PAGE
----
Phoenix Caisson (outer) off Pagham Harbour


Heritage Category:
Scheduled Monument
List Entry Number:
Date first listed:
Location Description:
3.56km south-east of Pagham Harbour, West Sussex


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The building or site itself may lie within the boundary of more than one authority.

Location Description:
3.56km south-east of Pagham Harbour, West Sussex
National Grid Reference:


The asset comprises a rare type of steel reinforced concrete caisson unit, code-named Phoenix, built as part of the artificial Mulberry Harbours that were assembled as part of the follow-up to the Normandy Landings on 6 June 1944.

Reasons for Designation

The Phoenix caisson (also known as Outer or Far Mulberry) located off Pagham Harbour, West Sussex, is scheduled for the following principal reasons:

* Period: as a material record and an eloquent witness to the engineering achievements and logistical preparations around England’s coast for the largest amphibious invasion ever undertaken, on 6th June 1944; * Potential: forming a primary source of evidence relating to the ingenuity of the wartime Allies in creating, and building, artificial harbours for use in Normandy, and; * Rarity: as the only confirmed surviving A-1 type of Phoenix caisson Unit anywhere in the UK.


In June 1944 the Allies opened a Second Front in Europe with Operation Neptune, comprising a largely amphibious invasion. In order to supply the armies once they had landed, harbours were necessary to allow supply ships to unload. In the expectation that captured harbours would have been rendered unusable by the enemy, the Allies intended to build two artificial harbours; one in the US sector and one in the British sector. These harbours were code-named Mulberries A and B respectively and Operation Neptune is still considered one of the greatest and most challenging logistical operations of all time.

The Mulberries consisted of four major component structures, code-named Gooseberry (a network of artificial breakwaters), Bombardon (floating breakwaters), Whale (floating piers) and Phoenix (sunken breakwaters).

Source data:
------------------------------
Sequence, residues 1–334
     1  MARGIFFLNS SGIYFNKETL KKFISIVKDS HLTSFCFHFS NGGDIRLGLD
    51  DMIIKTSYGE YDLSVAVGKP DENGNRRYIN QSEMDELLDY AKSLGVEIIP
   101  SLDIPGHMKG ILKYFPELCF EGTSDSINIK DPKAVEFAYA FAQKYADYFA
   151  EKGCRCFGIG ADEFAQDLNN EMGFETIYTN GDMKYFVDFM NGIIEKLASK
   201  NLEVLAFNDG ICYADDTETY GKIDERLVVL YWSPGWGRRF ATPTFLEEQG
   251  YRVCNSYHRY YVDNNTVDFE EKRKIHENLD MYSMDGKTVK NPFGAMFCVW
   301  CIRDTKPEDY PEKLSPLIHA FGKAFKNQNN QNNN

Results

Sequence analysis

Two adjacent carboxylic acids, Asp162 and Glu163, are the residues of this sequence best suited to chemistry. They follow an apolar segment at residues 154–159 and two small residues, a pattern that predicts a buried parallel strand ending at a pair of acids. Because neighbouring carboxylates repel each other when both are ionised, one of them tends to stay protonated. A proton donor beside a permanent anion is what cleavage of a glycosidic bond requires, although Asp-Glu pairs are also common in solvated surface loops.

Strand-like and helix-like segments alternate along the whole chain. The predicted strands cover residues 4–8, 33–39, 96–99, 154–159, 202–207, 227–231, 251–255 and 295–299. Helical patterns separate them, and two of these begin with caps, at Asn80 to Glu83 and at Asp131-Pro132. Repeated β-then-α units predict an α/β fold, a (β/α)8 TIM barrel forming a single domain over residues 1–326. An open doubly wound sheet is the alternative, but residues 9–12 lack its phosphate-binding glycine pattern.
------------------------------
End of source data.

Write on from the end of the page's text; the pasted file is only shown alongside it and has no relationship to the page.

Phoenix Units comprised large concrete caissons which varied in size from about 2000 to 6000 tons, with a maximum draft of 20ft (~6m). They were constructed by civil engineering contractors around the coast of Britain and were designed to be towed across the Channel and sunk off Normandy to form breakwaters to protect unloading ships. During the days before the D-Day landings several of these large concrete caissons were sunk in the shallow waters off Pagham ready to be re-floated and towed to Normandy. In fact, the marine area off Pagham, commonly known by mariners as the ‘Park’, contains an exceptional number of submerged (i.e. parked) Second World War sites that are associated with Mulberry harbour operations. Phoenix Units were also assembled off Dungeness and Allhallows, Kent, prior to embarkation.

It appears that in June 1944 the Unit was ‘parked’ off Pagham awaiting passage to Normandy. Its ballast tanks were pumped out to re-float it but as its Tug wasn’t ready, the Unit was re-sunk. In the process, it swung in the tide and settled across its own previous scour in the seabed, where it has remained since.

The Unit was first charted in 1944 when it was noted to be ‘visible at all states of the tides’ though three years later the UK Hydrographic Office recorded that the caisson was not visible anymore. Anecdotal evidence suggests that at some point in 1945, the Unit was used for target practice by Hawker Typhoons based at RAF Selsey, Church Norton, Selsey.